HYUNDAI Motor Co, South Korea's largest auto maker, said fourth-quarter profit fell after sales of Sonata sedans declined and a stronger won eroded overseas earnings.
Net income dropped 22 percent to 537 billion won (US$573 million) in the three months ended December, from a revised 691 billion won a year earlier, the Seoul-based car maker said yesterday. That compares with the median estimate of 440 billion won from nine analysts surveyed by Bloomberg News. Sales fell 6.6 percent to 7.58 trillion won from 8.12 trillion won.
The won climbed to a nine-year high in the quarter, hurting the car maker's earnings by cutting the repatriated value of exports and making its vehicles more expensive overseas. By contrast, Toyota Motor Corp and other Japanese car makers are benefiting from a weaker yen, making their cars more competitive.
"There's no positive news for Hyundai this year," said Hyun Hye-jung, an analyst at Woori CS Asset Management Co in Seoul. "The won is exerting pressure, sales in the US are weak and margins in China are being squeezed."
The won was 10.5 percent higher against the dollar in the fourth quarter compared with a year earlier. In contrast, the Japanese yen was 0.5 percent weaker against the dollar.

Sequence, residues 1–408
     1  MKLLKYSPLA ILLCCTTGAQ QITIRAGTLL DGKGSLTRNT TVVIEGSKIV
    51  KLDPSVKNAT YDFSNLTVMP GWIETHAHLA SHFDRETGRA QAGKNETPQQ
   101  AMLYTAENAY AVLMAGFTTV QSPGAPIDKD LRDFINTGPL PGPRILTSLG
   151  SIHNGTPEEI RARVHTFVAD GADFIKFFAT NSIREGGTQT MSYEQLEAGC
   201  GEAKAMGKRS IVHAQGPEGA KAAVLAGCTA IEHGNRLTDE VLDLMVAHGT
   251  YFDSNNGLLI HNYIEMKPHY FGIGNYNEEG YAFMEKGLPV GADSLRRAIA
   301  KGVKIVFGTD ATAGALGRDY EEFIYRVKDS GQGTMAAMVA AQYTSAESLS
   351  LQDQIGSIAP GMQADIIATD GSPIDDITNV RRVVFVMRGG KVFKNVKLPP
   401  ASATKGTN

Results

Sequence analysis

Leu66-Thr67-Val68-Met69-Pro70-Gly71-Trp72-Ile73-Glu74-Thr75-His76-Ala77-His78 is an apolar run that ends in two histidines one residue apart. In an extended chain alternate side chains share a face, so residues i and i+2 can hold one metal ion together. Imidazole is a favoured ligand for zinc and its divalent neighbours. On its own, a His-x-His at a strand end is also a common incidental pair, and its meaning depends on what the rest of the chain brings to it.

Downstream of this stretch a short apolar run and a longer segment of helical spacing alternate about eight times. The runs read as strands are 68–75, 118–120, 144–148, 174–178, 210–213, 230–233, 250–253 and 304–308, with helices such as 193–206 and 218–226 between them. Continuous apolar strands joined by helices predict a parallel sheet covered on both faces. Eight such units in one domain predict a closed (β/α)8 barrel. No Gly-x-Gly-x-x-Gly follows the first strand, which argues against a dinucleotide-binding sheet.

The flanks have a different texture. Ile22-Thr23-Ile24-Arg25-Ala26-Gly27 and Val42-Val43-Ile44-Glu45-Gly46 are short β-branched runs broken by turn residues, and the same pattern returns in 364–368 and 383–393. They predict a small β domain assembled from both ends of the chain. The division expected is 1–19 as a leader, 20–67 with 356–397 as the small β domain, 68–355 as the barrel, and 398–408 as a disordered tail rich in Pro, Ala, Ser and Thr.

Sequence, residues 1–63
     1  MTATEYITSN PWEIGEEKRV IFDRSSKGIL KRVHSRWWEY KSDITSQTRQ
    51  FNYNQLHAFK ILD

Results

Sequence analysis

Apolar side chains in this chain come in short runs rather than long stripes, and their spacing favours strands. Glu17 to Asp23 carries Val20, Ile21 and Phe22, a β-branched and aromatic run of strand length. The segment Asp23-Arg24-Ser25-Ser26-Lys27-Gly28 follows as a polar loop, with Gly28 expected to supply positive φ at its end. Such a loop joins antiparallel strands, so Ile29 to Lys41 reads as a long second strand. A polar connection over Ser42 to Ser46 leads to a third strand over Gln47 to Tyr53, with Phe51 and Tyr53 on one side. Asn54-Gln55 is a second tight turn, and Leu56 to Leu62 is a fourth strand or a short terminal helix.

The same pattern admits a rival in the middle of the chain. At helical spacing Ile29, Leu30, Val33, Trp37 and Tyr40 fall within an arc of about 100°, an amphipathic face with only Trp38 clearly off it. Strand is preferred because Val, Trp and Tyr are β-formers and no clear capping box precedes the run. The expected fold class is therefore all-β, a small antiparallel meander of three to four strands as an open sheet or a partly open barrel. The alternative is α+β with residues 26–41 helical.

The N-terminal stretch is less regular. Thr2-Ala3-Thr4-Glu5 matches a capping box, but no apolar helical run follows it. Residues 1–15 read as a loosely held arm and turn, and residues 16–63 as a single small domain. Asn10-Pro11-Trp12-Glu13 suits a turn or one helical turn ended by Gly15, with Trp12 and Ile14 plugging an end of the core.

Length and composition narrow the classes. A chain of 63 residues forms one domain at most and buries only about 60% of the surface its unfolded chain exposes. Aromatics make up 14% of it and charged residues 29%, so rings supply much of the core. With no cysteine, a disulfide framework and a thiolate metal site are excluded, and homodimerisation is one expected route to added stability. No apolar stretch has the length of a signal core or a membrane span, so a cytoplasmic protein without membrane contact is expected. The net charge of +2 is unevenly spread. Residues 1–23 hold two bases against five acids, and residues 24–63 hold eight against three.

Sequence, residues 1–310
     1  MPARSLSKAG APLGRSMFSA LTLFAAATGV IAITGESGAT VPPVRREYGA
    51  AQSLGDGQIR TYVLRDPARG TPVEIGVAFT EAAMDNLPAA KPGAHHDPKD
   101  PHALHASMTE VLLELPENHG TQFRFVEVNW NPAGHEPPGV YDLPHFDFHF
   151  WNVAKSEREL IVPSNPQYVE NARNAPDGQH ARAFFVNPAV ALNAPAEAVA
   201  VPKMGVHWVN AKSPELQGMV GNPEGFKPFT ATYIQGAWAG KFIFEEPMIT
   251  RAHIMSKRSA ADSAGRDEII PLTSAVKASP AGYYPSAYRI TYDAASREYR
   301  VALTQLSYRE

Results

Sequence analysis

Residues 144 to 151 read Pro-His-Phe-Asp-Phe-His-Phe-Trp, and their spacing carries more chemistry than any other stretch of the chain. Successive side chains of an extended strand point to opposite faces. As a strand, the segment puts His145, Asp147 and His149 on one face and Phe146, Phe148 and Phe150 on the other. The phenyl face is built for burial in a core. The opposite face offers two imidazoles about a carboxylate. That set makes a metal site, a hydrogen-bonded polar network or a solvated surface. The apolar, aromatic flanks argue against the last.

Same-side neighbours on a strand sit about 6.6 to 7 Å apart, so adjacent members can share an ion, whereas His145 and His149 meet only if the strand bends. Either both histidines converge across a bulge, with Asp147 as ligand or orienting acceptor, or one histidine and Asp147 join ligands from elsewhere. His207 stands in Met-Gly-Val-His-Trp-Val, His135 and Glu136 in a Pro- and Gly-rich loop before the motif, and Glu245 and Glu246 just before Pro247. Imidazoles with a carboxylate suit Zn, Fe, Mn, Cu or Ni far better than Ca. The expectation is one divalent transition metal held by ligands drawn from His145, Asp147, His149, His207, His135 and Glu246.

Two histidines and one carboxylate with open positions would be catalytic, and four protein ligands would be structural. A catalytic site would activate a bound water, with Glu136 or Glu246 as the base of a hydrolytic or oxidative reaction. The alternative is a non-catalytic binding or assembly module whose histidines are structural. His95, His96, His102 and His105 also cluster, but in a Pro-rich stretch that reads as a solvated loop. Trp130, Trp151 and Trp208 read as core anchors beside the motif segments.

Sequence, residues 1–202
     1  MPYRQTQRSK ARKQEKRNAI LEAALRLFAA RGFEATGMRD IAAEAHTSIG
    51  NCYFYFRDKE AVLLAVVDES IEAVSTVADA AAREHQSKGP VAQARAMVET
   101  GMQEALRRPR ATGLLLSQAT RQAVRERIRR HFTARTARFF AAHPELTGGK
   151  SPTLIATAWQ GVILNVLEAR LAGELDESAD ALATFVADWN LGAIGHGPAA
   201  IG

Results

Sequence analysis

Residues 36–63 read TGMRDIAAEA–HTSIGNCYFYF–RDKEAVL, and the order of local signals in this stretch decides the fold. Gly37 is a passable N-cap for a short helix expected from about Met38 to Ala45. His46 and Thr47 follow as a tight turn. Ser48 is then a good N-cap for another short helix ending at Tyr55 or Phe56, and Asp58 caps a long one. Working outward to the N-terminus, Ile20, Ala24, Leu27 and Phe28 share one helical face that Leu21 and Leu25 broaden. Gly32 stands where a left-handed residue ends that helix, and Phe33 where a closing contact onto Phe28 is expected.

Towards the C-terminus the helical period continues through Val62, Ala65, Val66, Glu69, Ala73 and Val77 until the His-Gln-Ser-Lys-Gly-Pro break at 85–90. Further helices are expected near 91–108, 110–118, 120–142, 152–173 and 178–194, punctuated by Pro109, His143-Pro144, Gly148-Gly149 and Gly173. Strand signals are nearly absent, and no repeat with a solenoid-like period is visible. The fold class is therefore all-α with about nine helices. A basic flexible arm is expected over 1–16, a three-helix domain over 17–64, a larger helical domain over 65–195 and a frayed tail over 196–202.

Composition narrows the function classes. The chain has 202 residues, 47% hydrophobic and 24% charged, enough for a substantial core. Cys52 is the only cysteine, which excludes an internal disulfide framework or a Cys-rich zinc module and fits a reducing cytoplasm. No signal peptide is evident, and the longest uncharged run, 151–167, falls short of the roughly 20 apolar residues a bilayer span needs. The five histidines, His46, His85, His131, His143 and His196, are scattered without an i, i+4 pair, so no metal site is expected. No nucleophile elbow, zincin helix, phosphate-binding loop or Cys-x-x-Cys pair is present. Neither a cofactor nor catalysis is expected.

A stronger won increases the price of Hyundai Motor's exports, which accounted for about 57 percent of the car maker's sales last year.
The won's gain has forced Hyundai Motor to raise the price of its revamped Accent subcompact twice since September last year, making it 5.4 percent more expensive than Toyota's Yaris subcompact in the US.
Operating profit fell 8.6 percent in the fourth quarter to 307 billion won, Hyundai Motor said.
"It's very bad," said Kim Young-il, who oversees about US$1.1 billion in equities as chief investment officer at Hanwha Investment Trust Management Co in Seoul. "Investors will ask themselves if Hyundai can stay competitive in such a challenging environment."